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Discussion Starter · #1 ·
I was looking into using standing seam metal roofing for the shop we are planning on building. I was wondering if anyone has used this or has had any experience with it. It is a roofing system where the screws are covered or not exposed for leaks. Often the sheets are 20 inches wide made out of 24 gage. The screw are placed on the one side and the other side is crimped on the roof or seamed to cover the screws of the previous sheet. The sheets are mounted on expansion clips which allow the sheets to move a bit and not rip out the screws. It costs a bit more but they claim the leak potential of these roofs are a lot lower. It also gives long sheets of tin room to expand and contract without causing damage. The sheets are usually made on site with roll forming equipment. I was wondering if anyone has used this roofing and what your thoughts is about it. If you have used it would you do it again? Thanks SouthernSK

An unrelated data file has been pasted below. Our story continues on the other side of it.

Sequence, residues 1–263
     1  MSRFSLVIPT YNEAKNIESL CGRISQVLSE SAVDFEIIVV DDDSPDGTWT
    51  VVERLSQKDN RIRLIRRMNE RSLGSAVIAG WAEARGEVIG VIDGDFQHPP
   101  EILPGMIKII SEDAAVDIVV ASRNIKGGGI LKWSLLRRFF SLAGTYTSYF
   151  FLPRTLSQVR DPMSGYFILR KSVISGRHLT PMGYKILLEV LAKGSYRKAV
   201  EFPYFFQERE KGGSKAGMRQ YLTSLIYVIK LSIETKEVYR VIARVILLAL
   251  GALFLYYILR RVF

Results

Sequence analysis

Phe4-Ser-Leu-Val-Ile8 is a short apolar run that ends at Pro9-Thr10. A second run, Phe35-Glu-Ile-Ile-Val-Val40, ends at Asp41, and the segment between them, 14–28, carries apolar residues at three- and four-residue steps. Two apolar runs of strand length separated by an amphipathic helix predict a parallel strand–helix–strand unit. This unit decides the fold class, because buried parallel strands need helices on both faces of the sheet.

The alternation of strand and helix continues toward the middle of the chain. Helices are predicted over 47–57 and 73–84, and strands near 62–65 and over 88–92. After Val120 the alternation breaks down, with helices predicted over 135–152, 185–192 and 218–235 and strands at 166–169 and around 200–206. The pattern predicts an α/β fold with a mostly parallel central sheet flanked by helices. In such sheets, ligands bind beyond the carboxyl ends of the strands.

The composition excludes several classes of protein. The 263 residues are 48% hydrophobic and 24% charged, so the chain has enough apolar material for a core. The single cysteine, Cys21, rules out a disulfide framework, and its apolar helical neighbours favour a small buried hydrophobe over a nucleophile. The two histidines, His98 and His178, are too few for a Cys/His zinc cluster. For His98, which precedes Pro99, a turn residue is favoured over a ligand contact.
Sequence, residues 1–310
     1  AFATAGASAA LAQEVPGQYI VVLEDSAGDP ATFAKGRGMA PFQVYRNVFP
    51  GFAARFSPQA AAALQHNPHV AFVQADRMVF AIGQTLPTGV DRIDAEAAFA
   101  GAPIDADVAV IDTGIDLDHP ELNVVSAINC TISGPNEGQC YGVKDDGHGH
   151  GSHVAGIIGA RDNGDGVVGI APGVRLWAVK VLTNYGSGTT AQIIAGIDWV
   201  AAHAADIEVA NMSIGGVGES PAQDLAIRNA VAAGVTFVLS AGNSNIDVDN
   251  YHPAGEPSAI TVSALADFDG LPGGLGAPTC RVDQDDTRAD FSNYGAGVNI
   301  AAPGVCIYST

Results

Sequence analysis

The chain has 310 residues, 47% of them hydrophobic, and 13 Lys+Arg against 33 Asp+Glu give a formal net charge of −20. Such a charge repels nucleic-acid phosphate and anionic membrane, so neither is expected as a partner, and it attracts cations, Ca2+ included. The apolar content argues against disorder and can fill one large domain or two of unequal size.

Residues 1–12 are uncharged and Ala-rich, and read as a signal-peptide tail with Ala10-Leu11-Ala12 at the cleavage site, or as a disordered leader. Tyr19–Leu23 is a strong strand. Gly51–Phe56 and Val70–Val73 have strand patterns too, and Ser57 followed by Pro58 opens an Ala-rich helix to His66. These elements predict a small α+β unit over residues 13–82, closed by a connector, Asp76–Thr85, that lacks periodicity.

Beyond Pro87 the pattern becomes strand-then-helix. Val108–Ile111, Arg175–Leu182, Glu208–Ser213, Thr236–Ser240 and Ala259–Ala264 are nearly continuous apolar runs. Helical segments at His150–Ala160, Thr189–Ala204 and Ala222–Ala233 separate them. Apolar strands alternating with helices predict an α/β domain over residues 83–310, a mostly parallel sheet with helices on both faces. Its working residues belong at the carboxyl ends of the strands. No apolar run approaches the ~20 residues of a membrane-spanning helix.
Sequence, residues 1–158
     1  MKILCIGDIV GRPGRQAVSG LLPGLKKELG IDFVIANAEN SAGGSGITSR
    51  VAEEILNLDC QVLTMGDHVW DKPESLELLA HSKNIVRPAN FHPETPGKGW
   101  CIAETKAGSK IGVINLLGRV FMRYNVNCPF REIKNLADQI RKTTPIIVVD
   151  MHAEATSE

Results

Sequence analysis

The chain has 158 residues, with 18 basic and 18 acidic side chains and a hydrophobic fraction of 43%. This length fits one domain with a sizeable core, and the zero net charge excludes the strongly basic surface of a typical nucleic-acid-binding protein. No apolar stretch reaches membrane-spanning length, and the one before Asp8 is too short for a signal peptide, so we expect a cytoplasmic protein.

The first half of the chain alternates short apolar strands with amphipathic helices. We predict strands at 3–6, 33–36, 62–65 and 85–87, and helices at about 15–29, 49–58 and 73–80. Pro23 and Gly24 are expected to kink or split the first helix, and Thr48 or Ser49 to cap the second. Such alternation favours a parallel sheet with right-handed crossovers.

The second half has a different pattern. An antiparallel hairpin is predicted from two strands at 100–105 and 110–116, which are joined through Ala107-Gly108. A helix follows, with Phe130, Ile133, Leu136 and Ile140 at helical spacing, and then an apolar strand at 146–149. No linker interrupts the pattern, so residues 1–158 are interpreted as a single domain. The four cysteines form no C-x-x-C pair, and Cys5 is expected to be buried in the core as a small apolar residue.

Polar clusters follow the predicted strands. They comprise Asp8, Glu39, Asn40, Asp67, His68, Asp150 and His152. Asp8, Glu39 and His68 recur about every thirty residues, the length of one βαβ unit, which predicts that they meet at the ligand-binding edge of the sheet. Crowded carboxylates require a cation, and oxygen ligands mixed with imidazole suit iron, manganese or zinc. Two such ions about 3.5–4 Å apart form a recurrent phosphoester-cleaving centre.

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Discussion Starter · #4 ·
MF cowboy it is around $0.85 more per square foot than 26 gu. The 24 gu with the standing seam is significantly heavier so there will naturally be more steel cost. For guys who normally strap a roof it would be more cost because the roof has to be sheeted. We will be sheeting the roof no matter what tin goes on. When the steel sheets start to get long, the expansion and contraction of the sheets can cause a lot of screw and leak problems. I was at a large barn recently where they pulled off all the normal roof tin and were putting on the standing seam. With the screws being all covered and the expansion clips to allow for movement, I think it makes a lot of sense. They claim this roof is good for 40-50 years. I am leaning towards it but have no experience with it. There is a guy out of eastern Sask that has given me a very reasonable quote to supply the standing seam and install it.